There are two main areas in medical writing, medical communications and regulatory writing; this blog focuses on the latter area of specialisation, which involves the preparation of clinical study and regulatory submission documentation.
Generally, regulatory writers have a PhD in a life science, science related or medical subject and may be freelance, or employed by sponsors (e.g., pharmaceutical/biotech companies) or clinical research organisations (CROs).
Regulatory writers produce a wide variety of clinical documents throughout the life‑cycle of a (potential) treatment, starting with describing and reporting data from clinical trials, through preparing regulatory submission documents, and, if the treatment is approved by a regulatory authority, producing post-approval reports on the use of the treatment in patients. Examples of clinical documents include Investigator Brochures (IBs), Clinical Study Protocols, Clinical Study Reports (CSRs), and the Common Technical Document (CTD), but there are many, many more. The audience for these documents are usually regularity authorities and ethics committees.
The importance of preparing high quality regulatory documents is often under estimated; a CSR is the final result of many months and sometimes years of hard work by study teams, and has to summarise the conduct and results of a clinical study in a clear and unbiased manner. A well written CSR will aid the subsequent production of high quality submission documents, and conversely, poorly written or presented regulatory documents may lead to delays in regulatory approval, costing time and money for the sponsor.
In the ever changing regulatory environment, experienced regulatory writers can add a lot of value in the production of clinical study documentation. As an integral part of the clinical research process, regulatory writers can act as a pool of knowledge at every step, from protocol development to the regulatory submission process. Regulatory writers are skilled at meeting global regulatory requirements and adhering to guidance’s such as International Conference on Harmonisation (ICH) Good Clinical Practice (GCP) guidelines, while still fulfilling the needs, preferences and styles of sponsors/study teams. They understand, interpret, and summarise often complex scientific and statistical data whilst providing effective guidance to clinical study teams, which usually include experts from other fields such as clinical/medical, statistics, regulatory affairs, pharmacovigilance and pharmacology. Some regulatory writers can become experts in a particular therapeutic area or disease and can provide invaluable insights to the sponsors/study teams. Regulatory writers can also proof read and provide editorial support on documents produced by sponsors/study teams, if requested.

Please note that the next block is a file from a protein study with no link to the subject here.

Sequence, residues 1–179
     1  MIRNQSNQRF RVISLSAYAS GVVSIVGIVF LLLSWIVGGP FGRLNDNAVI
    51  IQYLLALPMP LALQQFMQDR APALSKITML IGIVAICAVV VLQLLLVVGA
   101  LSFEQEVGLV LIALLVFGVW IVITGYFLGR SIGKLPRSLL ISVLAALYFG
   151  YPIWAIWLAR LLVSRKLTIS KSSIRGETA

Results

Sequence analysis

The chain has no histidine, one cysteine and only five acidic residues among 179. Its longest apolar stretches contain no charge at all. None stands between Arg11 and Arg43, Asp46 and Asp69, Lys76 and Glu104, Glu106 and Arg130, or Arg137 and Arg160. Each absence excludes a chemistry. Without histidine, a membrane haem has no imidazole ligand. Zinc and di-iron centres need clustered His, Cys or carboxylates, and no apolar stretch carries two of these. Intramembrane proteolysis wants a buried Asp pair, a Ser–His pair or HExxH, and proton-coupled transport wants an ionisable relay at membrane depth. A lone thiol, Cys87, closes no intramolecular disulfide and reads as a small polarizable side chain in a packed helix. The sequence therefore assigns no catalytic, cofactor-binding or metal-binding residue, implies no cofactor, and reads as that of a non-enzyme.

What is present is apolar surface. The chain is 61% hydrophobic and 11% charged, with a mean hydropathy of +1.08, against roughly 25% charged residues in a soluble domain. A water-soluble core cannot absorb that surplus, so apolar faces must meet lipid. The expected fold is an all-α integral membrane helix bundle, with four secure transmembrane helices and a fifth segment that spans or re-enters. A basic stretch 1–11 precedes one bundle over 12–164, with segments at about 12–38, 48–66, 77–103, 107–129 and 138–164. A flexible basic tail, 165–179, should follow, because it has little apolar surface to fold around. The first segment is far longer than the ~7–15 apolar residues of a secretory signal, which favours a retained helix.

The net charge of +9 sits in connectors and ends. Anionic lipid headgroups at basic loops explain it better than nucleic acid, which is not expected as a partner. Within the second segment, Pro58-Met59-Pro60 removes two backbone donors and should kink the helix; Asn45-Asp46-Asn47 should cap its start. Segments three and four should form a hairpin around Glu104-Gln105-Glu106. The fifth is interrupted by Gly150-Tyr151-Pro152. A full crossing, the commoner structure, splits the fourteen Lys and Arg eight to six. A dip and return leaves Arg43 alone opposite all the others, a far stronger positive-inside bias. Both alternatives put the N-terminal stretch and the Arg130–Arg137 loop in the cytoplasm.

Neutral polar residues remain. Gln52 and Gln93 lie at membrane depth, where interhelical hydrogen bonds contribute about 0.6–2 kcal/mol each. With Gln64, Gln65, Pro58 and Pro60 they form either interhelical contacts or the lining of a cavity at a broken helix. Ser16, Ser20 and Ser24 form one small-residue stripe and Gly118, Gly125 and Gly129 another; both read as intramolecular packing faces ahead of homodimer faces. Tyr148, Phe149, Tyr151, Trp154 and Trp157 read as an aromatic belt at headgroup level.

Authors note: This blog was originally published on 18/03/2011 and has since been updated.
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